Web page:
Roy slid his trousers midway down, groaned at what he saw, then pulled them loosely back up and rebuckled his belt. With a sour feeling, he knocked over a table, pulled a picture down, and wrenched a kitchen drawer out and dumped it on the floor. That would have to do. No time to go upstairs and rifle around in the bureaus and closets. Jesus, what a job. He swiped his handkerchief across all the knobs he’d touched, then jogged out to the garage to do the steering wheel of Trollope’s car, the seatbelt buckle, the glove box latch, the handles on either side of the driver’s door. He hit the garage door opener with his elbow, waited till the door hurdled open, hit it again so the door would close behind him, then scooted under. Nobody around. Everyone hidden away from each other behind their big goddamn garages or gone to work. He straightened his tie, then casually cut through the front yard to the sidewalk. As he put houses between himself and his victim, a sudden thought disturbed him: Had he left prints somehow on Trollope? No, he just kicked him, no touch. But hadn’t he pulled his legs? Yeah, but he had grabbed him around the socks, right? Oh, but the fuckin’ wallet!

The assassin became conscious of the openness of the street. The trees were still young enough to be staked to grow upright. No real cover. The sunshine spotlighted him while the houses seemed to regard him with dark, devouring eyes. He imagined the garages opening simultaneously, spitting out identical replicas of the cop who had pulled him over, a jiggling army of self-serious, flat-topped drones, their pretty Glocks aimed at his forsaken head.

This would not do. He would have to go back.

In all his rehearsals of the hit, returning to the scene had not been an option. He had become decent at kidnappings because of his discretion, fair price, and thorough absorption of his victim’s habits before the final act. In no case had he needed to terminate a victim. In the past, had there been doubt about the success of an operation, he would have delayed until the timing was perfect. But today’s performance might have fouled his reputation, and his masters were exacting, devoted to all terms of a contract. For the good payout Roy expected even for a low-level politico like Trollope, they might renege if this kill resulted in exposure, and there was nothing he could do against their imperturbable power.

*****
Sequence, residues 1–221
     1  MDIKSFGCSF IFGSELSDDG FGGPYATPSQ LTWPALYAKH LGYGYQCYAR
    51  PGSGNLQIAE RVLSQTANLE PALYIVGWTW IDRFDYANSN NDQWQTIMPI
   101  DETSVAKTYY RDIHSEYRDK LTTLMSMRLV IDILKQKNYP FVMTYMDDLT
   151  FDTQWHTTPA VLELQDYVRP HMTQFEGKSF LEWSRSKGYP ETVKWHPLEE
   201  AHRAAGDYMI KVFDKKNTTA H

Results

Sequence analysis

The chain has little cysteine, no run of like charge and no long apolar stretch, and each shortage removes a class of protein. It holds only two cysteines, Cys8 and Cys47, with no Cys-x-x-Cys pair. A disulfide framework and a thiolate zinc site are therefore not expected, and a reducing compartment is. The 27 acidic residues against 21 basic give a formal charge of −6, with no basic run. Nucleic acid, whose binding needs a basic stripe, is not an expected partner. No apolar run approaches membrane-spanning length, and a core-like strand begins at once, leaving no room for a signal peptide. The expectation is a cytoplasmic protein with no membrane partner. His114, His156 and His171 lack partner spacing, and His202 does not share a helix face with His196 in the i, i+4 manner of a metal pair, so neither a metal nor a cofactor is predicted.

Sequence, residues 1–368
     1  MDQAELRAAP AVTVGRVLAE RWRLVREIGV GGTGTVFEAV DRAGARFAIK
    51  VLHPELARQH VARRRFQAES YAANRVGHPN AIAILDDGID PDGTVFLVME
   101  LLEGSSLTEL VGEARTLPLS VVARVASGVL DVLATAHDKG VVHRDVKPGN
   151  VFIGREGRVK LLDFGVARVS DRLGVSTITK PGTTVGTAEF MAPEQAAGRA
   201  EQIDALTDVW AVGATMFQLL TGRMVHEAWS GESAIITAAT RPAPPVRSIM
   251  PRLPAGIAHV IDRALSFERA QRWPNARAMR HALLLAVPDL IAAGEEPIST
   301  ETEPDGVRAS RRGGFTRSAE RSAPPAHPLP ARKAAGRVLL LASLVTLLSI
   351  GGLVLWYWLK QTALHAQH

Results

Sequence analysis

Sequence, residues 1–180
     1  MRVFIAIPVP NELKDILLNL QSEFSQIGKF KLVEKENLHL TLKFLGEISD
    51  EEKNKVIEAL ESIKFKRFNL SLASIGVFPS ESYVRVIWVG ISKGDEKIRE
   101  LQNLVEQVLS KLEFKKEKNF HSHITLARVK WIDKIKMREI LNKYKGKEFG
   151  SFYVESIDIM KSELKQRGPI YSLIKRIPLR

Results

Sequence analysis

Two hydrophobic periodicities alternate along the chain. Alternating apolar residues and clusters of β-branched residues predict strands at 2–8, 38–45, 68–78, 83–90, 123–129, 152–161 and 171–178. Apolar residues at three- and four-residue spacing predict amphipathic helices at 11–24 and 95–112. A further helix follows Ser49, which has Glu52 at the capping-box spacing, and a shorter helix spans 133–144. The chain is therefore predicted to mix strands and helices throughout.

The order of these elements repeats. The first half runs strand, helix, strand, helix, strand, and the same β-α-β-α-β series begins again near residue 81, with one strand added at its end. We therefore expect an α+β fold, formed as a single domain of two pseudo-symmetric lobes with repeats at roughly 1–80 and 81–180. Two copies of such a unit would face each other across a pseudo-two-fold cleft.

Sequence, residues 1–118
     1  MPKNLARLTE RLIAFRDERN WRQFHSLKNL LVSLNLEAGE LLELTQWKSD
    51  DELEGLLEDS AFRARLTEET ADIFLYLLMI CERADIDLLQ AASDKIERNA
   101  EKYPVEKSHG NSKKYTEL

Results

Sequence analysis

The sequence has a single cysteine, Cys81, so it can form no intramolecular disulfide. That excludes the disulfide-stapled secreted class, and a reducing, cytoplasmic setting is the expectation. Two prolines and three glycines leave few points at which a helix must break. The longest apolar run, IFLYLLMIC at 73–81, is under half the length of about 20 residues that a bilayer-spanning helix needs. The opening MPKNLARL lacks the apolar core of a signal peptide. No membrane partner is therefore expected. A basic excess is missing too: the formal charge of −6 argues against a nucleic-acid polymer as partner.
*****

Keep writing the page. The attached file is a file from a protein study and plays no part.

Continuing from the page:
Roy considered the day so far. Not even on his first kidnapping job had his bowels seized up so. But his stupid, adolescent penchant for joy riding had resurfaced and overwhelmed his leaned methodical ways. After a simple B&E of the cheap cellar door late that morning, finding Trollope’s wallet and car key resting on the kitchen counter had made the ride inevitable. Thinking himself clever, he had taken Trollope’s car out for a spin and as a purposeful excursion to case the neighborhood some more while hiding in plain sight. Weeks ago he had already ascertained that Trollope was away for his routine late-morning workout and that he would return punctually for lunch at 12:30 p.m. With the prosthetics giving Roy an uncanny resemblance to a somewhat younger Trollope, Roy felt comfortable easing the car around the exurban curves where no one walked and no children played. He even waved at a woman fetching a drone-delivered package from her front porch, just because he could. Yeah, he was the man. Gutsy. Confident. Experienced. And a complete dumbshit. Roy may have resembled Trollope as a younger man, but he definitely did not want to resemble Trollope in his current state now.

The law had had a good look at him, too, even if they thought he was Trollope at the time. And with Trollope dead in his foyer in what looked like an amateur burglary gone awry, people smarter than that cop would start asking tough questions. For instance, how was it Trollope was wearing a suit and driving his car one minute, then lying dead in spandex five minutes later, his bike learning against a pillar on the front stoop? A.I. would analyze the recording from the cop’s augmented glasses and find the discrepancies in appearance between Roy’s prosthetics and Trollope’s true physiognomy. And then they would look for chin, jaw, and ear-shape matches in the national database.

Roy reached the house again, sour, worried. Yet he strolled past the front walk and up the newly-sealed asphalt driveway with what he hoped looked like an aura of comfortable propriety, passed through the side yard behind some burning bushes, and only then raced down the concrete steps that led to the unlocked cellar door.